I expect there  will be a lot of flack in response to this post; let me say that I’m still ruminating on Goldman’s article,  trying to see whether it’s an apology for a tyrant or an attempt to look at foreign policy realistically.  He does mention at the end we should make a super effort to surpass Russia defensive efforts against missiles.

More to explorer

Advent and Anti-Christ, Part III

Part three of my presentation of the four sermons of John Henry Cardinal Newman on the Anti-Christ delivered in 1835 before his conversion. 

7 Comments

  1. Bob,
    After reading Don’s post from earlier this week I too stumbled upon the Spengler article. His articles in the Asia Times are an excellent resource as well. This entire episode has been tough for me. I do feel that Trump looked weak and submissive with Putin-very unusual for him. I don’t know if he has some master plan.But I do wonder what is the U.S. benefit of this continual hostile posturing towards Russia. And I do wonder what is the benefit of this seemingly one-sided friendship of our western European allies. One thing I do know for sure, people (I’m talking about you President Trump) need to stop spending so much time on their cell phones tweeting and texting. Not every thought you have needs to be published.

  2. Ken:
    “Not every thought you have needs to be published”.
    That’s because thoughts take time to form. These people are posting emotional reactions. In the days of pen and ink by the time you got the letter written in correct and reasonably polite English (which the culture demanded and which some of us harried teachers still demand) and the words had passed through your head several times before they got to the paper, you actually had “thoughts” to put down. Ironically this new technology, put together after much hard thought on the part of the developers, is discouraging thought on the part of the users.

  3. Tom,
    Very true.
    I started using that line with my kids when they would say foolish or irresponsible things, usually to each other at the dining room table. It seemed to fit conveniently into the social media age.

  4. Sadly, the “every random thought through my head needs to be said” far predates the internet.

    It was old hat among my classmates’ parents, for goodness sake.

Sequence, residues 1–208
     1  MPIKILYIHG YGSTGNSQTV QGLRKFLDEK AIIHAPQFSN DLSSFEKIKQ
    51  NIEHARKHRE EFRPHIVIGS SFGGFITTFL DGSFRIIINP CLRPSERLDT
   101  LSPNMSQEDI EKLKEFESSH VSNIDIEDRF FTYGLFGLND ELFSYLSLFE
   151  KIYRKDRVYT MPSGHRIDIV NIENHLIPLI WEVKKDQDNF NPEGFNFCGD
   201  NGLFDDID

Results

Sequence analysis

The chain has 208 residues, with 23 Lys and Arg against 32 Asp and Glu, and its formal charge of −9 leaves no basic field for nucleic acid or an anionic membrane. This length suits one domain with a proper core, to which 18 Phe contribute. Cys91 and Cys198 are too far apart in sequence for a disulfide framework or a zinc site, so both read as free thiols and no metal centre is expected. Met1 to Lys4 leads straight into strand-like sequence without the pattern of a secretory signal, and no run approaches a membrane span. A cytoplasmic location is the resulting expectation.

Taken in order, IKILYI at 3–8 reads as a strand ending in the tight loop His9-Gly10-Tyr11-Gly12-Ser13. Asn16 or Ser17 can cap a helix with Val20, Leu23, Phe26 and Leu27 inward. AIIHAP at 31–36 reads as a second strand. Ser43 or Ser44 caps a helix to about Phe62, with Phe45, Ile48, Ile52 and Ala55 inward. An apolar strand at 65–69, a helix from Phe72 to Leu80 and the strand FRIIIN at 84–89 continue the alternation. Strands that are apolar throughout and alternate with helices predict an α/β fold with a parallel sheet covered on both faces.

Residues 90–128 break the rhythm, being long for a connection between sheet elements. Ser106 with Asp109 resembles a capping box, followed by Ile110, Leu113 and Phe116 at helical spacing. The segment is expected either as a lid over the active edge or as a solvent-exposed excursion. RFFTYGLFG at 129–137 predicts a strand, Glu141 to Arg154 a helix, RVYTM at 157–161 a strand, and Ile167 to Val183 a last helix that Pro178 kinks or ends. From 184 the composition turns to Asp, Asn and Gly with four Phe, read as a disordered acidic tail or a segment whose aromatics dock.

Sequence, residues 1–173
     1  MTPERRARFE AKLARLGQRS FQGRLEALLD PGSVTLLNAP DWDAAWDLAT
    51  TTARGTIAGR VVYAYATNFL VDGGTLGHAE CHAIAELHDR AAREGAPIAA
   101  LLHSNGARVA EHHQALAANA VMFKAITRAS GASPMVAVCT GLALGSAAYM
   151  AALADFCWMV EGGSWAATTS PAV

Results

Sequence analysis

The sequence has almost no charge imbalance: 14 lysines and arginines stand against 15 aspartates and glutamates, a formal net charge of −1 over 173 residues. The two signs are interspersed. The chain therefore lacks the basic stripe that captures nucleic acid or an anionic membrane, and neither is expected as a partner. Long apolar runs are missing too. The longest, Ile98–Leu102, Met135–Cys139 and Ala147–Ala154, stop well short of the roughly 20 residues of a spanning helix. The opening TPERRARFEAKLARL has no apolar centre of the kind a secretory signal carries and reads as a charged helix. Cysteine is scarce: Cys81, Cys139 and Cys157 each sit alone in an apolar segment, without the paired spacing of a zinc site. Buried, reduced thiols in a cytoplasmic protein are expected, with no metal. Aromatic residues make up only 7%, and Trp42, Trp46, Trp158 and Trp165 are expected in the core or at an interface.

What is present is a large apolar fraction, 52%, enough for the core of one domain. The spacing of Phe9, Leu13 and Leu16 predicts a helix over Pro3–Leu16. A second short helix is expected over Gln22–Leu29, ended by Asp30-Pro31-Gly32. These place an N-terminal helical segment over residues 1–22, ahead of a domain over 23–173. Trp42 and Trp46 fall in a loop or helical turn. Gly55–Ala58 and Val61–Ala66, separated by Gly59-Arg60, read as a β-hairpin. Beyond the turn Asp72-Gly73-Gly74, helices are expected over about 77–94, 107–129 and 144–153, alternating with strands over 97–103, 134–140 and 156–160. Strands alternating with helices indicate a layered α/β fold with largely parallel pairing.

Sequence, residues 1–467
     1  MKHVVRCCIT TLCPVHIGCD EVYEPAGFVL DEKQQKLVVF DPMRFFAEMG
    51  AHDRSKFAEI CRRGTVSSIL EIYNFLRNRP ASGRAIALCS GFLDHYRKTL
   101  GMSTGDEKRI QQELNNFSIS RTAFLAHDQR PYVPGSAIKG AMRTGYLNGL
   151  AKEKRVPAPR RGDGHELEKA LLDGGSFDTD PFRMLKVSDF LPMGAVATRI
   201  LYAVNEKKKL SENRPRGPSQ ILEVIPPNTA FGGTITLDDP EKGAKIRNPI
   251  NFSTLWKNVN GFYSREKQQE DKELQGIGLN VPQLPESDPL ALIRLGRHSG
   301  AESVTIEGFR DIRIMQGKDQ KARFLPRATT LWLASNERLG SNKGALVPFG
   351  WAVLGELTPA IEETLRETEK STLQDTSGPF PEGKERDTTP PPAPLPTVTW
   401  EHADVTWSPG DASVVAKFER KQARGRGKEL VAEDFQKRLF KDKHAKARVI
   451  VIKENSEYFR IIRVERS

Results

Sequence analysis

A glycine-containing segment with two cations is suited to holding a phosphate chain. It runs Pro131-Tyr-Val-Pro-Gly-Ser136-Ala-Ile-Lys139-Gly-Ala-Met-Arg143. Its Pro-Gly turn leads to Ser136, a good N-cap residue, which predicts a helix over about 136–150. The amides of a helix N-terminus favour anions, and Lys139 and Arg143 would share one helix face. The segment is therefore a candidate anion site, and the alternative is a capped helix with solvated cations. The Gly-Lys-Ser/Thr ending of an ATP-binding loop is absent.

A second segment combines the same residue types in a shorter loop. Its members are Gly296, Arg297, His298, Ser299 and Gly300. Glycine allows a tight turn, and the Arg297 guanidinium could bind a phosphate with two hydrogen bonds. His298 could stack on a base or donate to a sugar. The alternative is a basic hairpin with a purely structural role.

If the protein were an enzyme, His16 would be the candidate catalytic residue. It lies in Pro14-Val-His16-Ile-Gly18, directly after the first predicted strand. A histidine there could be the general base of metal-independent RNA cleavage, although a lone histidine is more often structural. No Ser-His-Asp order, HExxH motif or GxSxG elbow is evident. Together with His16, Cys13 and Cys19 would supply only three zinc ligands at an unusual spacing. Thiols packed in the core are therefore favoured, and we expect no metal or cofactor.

5. “One of the consequences will be that our competitors and adversaries will take us for knaves instead of fools, or even worse, will recognize that we are fools after all.”

    It was said of Napoléon III that he deceived Europe twice: once, when he persuaded it he was an imbecile and once when he persuaded it he was a statesman

    Perhaps, the same will one day be said of Mr Trump?

  6. “It was said of Napoléon III that he deceived Europe twice: once, when he persuaded it he was an imbecile and once when he persuaded it he was a statesman.”

    Trump is not even attempting to deceive Europe. He is quite the open book. Witness his tweets.

    Trump is not an imbecile (a stupid or idiotic person) either, nor of course a statesman. He’s a reality TV star and a real estate mogul who somehow made it the the Presidency, and that’s how he is acting.

    Maybe we have had professional politicians in Europe and America for too long. Maybe this is the change we need.

  7. Somehow? Trump made it to the Presidency because, in no small part, the mostly pathetic bunch that sought the same office in 2016. Ted Cruz and Rand Paul are not pathetic but they had little chance. Jeb Bush is what Trump said he is – low energy. He ripped into both Bush Administrations and blamed the ineptitude of Dubya for Obama, which left Jeb speechless.

    Shrillary fails at everything she attempts. Thank God there were enough voters in November 2016 to realize it.

    I read somewhere else today that President Trump is the result of the media’s attacking of Romney in 2012…..and their punishment as well.

    I was not bothered by Trump’s words about the US screwing up Russian relations. The State Department is Swamp Central, or more appropriately, a clogged septic tank. They have screwed things up for decades, going back to WWII when it was infested with Communists. I am no Putin-bot. I know what Russia is capable of doing in abusing human rights, to the earliest days of the czars and their often brutal treatment of their neighbors. Screaming at Putin or making loud demands of him at Helsinki would have solved nothing.